You also wrote:

" Isn't any reference to Agile totally inappropriate once (a) both the requirements and design must be planned upfront, and (b) gate development? "

About (a): not if you distill these initial requirements and design into, let's say, vision.

About (b): depends on specifics, imho

12:40 pm June 26, 2019

Hi Thomas,

I  really appreciate your reply, thank you. When I look up the V model time moves forward along the x-axis, so I see the V model as sequential steps that gate each other, which to me implies waterfall.  If it was just practises, outcomes, and output, without that function of time, I wouldn’t see it as waterfall.  It also looks like waterfall to me because all the design, requirements, and coding are done before all the testing is and gate testing.  Please share your thoughts if you think I am still misunderstanding.

The first article says that “a process maturity model resides at the “what” level were as agile Approaches are at the “how” level.  To me this is a contradiction of Scrum as well since un Scrum The what is the product backlog and based on empiricism as opposed to pre-defined Upfront planning. Perhaps my confusion is Scrum vs Agile in general.  Maybe this contradicts Scrum but somehow not Agile?  I would really like to understand if this was the case.   Unfortunately I can’t see the other three resources but I wonder if through your experience, would you say that separation of this what and how was how agile was included In the regulated project you work on?  To me, the heart of being truly Agile lies in the what not in the how.  

Thank you,

Katherine

01:12 pm June 26, 2019

I  really appreciate your reply, thank you. When I look up the V model time moves forward along the x-axis, so I see the V model as sequential steps that gate each other, which to me implies waterfall.  If it was just practises, outcomes, and output, without that function of time, I wouldn’t see it as waterfall.  It also looks like waterfall to me because all the design, requirements, and coding are done before all the testing is and gate testing.  Please share your thoughts if you think I am still misunderstanding.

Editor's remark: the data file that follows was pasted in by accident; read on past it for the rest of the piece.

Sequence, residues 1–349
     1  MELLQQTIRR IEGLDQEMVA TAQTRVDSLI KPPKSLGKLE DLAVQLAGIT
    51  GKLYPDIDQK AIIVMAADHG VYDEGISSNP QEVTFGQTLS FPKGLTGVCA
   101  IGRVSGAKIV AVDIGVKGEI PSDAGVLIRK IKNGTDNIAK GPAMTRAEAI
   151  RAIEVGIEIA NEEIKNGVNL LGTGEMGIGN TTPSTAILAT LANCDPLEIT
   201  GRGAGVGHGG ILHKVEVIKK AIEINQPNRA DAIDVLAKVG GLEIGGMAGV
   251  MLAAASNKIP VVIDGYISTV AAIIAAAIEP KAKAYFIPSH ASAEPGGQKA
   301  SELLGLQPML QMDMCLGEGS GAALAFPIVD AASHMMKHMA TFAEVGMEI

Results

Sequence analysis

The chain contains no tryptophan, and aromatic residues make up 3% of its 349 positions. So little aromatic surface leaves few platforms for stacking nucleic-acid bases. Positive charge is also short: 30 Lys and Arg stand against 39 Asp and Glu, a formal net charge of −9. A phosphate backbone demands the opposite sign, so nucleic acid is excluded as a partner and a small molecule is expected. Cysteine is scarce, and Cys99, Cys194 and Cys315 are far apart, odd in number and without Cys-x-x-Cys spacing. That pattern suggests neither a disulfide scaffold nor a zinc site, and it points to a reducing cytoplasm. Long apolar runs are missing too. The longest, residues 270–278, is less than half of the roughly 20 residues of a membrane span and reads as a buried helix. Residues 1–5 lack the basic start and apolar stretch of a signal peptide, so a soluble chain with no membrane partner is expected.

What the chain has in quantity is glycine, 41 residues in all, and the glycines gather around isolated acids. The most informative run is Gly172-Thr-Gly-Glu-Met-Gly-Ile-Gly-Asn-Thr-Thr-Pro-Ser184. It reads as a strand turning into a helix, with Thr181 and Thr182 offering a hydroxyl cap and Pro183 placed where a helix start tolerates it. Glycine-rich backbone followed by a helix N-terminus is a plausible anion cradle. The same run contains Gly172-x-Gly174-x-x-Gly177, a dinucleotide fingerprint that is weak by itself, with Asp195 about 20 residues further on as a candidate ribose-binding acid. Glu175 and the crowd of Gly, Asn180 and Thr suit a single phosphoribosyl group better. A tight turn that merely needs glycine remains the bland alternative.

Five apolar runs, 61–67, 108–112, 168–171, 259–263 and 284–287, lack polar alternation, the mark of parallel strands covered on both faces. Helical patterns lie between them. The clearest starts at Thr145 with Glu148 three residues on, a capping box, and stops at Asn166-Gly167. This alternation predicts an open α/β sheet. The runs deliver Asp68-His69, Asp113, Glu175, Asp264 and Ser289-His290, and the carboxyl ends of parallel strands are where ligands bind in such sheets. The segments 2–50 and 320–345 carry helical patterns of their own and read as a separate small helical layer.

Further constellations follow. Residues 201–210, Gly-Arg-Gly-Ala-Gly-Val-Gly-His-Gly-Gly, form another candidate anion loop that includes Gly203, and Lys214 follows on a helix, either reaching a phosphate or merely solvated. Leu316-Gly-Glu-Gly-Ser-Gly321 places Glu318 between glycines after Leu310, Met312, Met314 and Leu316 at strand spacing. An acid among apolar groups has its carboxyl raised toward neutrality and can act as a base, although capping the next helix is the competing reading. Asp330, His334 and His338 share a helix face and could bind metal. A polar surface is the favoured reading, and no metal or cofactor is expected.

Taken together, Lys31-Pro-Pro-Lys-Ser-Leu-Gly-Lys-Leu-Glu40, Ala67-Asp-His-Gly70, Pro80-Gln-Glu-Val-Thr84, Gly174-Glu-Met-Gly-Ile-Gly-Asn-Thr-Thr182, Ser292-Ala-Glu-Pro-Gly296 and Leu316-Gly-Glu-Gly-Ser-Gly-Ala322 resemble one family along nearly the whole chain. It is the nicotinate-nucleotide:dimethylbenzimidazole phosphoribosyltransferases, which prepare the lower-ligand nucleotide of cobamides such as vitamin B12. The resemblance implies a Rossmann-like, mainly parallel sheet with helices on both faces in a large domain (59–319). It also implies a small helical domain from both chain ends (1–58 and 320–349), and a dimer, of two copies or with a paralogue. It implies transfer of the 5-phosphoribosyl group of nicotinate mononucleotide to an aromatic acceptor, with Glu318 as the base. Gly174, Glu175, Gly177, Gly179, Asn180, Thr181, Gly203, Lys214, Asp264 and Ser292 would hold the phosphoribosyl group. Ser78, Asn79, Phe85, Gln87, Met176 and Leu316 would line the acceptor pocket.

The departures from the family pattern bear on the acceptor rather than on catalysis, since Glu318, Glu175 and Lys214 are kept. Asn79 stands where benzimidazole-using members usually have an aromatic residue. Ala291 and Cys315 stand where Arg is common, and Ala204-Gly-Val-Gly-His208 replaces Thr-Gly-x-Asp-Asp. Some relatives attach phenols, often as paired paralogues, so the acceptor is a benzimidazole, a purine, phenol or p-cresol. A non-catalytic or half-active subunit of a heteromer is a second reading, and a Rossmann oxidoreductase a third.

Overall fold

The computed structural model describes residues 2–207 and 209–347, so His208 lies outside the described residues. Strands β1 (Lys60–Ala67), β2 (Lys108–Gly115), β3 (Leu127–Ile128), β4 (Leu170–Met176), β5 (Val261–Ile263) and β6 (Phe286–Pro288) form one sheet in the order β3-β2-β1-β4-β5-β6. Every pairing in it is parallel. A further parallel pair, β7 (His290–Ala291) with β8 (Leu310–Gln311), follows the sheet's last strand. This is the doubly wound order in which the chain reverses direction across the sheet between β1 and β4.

I'm looking at the published Automative SPICE document Version 3.1 now - time is not on the axis. This is true of my experiences with the V model in general - it's a way to visualize the relationship between a process activity that produces work and a process activity that verifies and/or validates the work. It doesn't necessarily imply sequential steps, but relationships between areas. For example, I don't think that you can argue that Software Integration and Integration Test is the area where your architectural design is verified and/or validated, but that doesn't mean that you need to wait until after Software Unit Verification to start designing your integration and integration tests or that you can't incrementally perform integration and integration tests as units are completed.

The first article says that “a process maturity model resides at the “what” level were as agile Approaches are at the “how” level.  To me this is a contradiction of Scrum as well since un Scrum The what is the product backlog and based on empiricism as opposed to pre-defined Upfront planning. Perhaps my confusion is Scrum vs Agile in general.  Maybe this contradicts Scrum but somehow not Agile?  I would really like to understand if this was the case.   Unfortunately I can’t see the other three resources but I wonder if through your experience, would you say that separation of this what and how was how agile was included In the regulated project you work on?  To me, the heart of being truly Agile lies in the what not in the how.  

I do agree that process maturity models talk about "what you do". Practices are at the "how you do it" level. I think a good example is that software requirements analysis is a "what you do". In Scrum, you realize requirements analysis by producing a Product Backlog, having a Product Owner that orders the backlog, and a Development Team that performs backlog refinement to ensure clarity and detect conflicts or points of confusion, resulting in a set of requirements that are clear, consistent, independent, testable, and so on. And there are a set of practices that can be used by the Product Owner to elicit user needs and turn them into Product Backlog Items and a set of practices that can be used by the development team to decompose the work and estimate it. All of these can be measured by your maturity model.